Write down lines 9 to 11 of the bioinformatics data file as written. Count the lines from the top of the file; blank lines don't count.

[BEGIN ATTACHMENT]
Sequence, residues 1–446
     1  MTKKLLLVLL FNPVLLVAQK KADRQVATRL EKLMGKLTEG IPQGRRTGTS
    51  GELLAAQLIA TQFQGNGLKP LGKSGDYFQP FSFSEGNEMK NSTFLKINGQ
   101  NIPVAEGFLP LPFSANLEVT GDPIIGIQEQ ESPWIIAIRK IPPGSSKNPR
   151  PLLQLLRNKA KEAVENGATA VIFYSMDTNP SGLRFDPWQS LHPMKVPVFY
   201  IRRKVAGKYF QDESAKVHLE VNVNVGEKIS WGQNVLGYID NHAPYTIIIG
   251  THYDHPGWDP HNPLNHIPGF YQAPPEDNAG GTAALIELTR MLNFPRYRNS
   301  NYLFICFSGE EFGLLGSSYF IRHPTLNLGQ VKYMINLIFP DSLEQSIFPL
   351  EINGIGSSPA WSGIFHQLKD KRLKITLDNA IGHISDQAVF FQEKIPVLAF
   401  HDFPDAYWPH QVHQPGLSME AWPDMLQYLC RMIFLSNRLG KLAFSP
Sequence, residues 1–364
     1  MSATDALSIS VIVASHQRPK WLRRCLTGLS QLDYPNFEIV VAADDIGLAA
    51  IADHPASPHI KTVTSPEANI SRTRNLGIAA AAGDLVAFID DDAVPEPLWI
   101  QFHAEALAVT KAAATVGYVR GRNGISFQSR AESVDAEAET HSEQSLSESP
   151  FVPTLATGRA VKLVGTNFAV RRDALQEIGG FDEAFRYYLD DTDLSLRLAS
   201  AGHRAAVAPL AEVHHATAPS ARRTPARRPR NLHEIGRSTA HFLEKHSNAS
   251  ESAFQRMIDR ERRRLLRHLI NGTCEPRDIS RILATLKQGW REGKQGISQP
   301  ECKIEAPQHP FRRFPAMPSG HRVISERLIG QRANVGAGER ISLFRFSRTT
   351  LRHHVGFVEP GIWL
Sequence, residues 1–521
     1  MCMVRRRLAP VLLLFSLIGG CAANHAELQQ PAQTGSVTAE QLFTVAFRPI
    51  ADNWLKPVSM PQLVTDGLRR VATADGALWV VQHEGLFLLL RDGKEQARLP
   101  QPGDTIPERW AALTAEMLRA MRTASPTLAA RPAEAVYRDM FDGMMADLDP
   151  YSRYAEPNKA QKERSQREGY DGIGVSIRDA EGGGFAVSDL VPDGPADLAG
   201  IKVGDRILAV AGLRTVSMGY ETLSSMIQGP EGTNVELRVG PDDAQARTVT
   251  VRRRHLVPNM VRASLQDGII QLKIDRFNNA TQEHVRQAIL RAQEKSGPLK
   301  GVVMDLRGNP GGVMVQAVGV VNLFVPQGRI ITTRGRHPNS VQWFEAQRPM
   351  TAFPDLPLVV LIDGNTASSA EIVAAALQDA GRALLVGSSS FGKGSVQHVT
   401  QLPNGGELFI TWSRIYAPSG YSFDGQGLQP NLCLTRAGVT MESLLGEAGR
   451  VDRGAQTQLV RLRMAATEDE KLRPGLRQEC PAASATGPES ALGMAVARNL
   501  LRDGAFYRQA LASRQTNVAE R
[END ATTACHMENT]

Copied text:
   351  EINGIGSSPA WSGIFHQLKD KRLKITLDNA IGHISDQAVF FQEKIPVLAF
   401  HDFPDAYWPH QVHQPGLSME AWPDMLQYLC RMIFLSNRLG KLAFSP
Sequence, residues 1–364